|Federal Agency||Policies and Guidelines|
|Department of Energy (DOE)|
|Department of Transportation (DOT)|
|Environmental Protection Agency (EPA)|
|Institute of Museum and Library Services (IMLS)|
|National Aeronautics and Space Administration (NASA)|
|National Oceanic and Atmospheric Administration (NOAA)|
|National Endowment for the Humanities (NEH)|
|National Institutes of Health (NIH)|
|National Science Foundation (NSF)|
Specific program guidance:
Writing an Effective Data Management Plan
The DMP Tool is a free resource that provides data management plan examples by funding agency and allows users to utilize established templates to create plans. The DMP Tool website also includes information on the latest news in data management and the DMP Tool. This resource is a service of the University of California Curation Center of the California Digital Library.
DataOne (Data Observation Network for Earth) provides helpful education resources and materials and best practices in data management. The education resources are licensed as CC0 and may be used for user purposes, such as graduate student training.
Also, be sure to check for any agency-specific guidelines [referenced above].
Other things to consider:
Academic Publishing and Author's Rights
For introductory information and support for researchers new to academic publishing, visit the NDSU Library guide to Academic Publishing and Author’s Rights.
Copyright and Fair Use
The NDSU Library provides a basic guide to copyright. Information found here will help you comply with copyright law and avoid non-compliance situations.
You can also access frequently asked questions about copyright infringement on the IT website.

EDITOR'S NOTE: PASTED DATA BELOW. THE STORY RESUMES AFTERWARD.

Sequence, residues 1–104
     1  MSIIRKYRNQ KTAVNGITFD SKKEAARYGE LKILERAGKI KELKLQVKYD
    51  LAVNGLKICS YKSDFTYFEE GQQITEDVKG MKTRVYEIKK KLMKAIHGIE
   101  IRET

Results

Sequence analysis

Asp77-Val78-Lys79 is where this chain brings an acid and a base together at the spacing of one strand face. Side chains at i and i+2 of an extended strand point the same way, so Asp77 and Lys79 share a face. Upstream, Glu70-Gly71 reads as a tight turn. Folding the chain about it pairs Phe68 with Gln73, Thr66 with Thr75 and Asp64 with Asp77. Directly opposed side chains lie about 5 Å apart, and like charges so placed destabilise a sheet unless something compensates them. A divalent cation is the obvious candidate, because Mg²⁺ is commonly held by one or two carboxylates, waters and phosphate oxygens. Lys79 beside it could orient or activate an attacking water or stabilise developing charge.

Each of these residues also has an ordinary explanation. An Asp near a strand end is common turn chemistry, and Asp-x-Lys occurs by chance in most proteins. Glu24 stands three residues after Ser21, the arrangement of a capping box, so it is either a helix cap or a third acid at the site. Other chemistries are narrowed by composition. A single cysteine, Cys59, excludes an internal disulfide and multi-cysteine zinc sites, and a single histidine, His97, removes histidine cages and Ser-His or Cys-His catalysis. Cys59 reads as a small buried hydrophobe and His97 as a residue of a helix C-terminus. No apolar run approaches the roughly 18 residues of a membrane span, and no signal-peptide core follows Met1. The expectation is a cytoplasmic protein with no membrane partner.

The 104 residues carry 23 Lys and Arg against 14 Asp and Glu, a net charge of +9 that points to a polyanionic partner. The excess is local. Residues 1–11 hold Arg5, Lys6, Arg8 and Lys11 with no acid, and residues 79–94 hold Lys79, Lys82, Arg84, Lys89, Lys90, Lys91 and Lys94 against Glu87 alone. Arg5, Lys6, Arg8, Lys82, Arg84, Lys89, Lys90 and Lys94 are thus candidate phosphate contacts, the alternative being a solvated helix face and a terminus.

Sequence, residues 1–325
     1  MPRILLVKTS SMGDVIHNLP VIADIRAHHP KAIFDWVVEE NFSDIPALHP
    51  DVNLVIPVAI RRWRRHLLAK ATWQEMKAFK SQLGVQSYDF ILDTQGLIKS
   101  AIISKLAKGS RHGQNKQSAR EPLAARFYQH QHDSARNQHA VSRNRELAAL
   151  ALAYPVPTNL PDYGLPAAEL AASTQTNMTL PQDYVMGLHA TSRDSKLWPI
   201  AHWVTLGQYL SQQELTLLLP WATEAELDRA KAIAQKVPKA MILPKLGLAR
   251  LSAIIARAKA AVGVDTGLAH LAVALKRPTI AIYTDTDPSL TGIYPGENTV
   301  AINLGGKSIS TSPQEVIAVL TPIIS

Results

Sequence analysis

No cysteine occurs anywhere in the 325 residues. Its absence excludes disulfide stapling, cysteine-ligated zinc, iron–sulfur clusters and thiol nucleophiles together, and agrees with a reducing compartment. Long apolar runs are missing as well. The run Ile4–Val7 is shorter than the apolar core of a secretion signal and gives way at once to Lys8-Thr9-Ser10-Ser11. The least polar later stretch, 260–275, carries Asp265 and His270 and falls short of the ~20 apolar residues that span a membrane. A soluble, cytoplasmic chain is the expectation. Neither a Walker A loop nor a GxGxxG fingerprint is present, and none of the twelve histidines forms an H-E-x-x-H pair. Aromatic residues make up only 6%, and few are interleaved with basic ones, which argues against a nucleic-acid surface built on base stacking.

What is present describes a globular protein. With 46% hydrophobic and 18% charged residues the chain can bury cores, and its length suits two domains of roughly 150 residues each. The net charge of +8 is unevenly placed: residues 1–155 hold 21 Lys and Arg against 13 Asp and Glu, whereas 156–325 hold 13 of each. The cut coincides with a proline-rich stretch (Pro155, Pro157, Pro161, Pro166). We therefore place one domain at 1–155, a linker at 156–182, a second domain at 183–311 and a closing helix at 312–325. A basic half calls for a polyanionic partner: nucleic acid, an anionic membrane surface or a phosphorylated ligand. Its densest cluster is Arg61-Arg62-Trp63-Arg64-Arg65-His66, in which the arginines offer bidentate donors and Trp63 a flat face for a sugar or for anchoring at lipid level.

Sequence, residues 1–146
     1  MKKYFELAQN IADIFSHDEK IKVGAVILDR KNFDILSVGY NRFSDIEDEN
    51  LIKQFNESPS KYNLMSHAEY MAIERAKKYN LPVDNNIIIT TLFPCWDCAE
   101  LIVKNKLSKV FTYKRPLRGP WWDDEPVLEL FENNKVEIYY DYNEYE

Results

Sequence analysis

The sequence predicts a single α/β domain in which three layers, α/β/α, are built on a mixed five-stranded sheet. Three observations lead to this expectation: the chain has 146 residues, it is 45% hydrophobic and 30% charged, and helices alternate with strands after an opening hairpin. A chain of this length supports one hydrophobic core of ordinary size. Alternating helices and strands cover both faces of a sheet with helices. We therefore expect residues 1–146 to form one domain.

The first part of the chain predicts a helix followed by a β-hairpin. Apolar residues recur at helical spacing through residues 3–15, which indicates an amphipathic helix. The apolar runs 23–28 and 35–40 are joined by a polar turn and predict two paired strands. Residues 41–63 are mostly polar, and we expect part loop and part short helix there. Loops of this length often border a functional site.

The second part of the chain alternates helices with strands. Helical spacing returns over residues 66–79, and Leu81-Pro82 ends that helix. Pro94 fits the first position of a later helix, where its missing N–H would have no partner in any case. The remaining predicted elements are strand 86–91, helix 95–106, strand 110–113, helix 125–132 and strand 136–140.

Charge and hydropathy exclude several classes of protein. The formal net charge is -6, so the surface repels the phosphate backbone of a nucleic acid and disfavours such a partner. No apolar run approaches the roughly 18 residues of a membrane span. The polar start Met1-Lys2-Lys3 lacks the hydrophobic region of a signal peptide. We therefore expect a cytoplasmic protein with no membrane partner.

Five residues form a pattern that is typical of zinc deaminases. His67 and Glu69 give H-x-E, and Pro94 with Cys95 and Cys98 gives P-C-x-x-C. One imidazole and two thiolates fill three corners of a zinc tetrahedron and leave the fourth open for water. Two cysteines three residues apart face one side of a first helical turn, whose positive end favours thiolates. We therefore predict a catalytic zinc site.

Copyright and Ethics [Under Construction]
Compliance Considerations (IRB)
Most research that involves human subjects requires approval by NDSU’s Institutional Review Board (IRB). Visit the NDSU IRB website for more information, and contact the IRB with any questions. If your project requires IRB approval, the informed consent should protect participant confidentiality without unnecessarily restricting future use of the data.
Things NOT to say:
- “your responses will only be seen by the researcher”
- “all data collected will be destroyed at the end of the project”
- “your data will only be shared in aggregate form”
Instead, use language like this (Taken from ICPSR’s Guide to Social Science Data Preparation and Archiving):
- "We will make our best effort to protect your statements and answers, so that no one will be able to connect them with you. These records will remain confidential. Federal or state laws may require us to show information to university or government officials [or sponsors], who are responsible for monitoring the safety of this study. Any personal information that could identify you will be removed or changed before files are shared with other researchers or results are made public."
- "The information in this study will only be used in ways that will not reveal who you are. You will not be identified in any publication from this study or in any data files shared with other researchers. Your participation in this study is confidential. Federal or state laws may require us to show information to university or government officials [or sponsors], who are responsible for monitoring the safety of this study."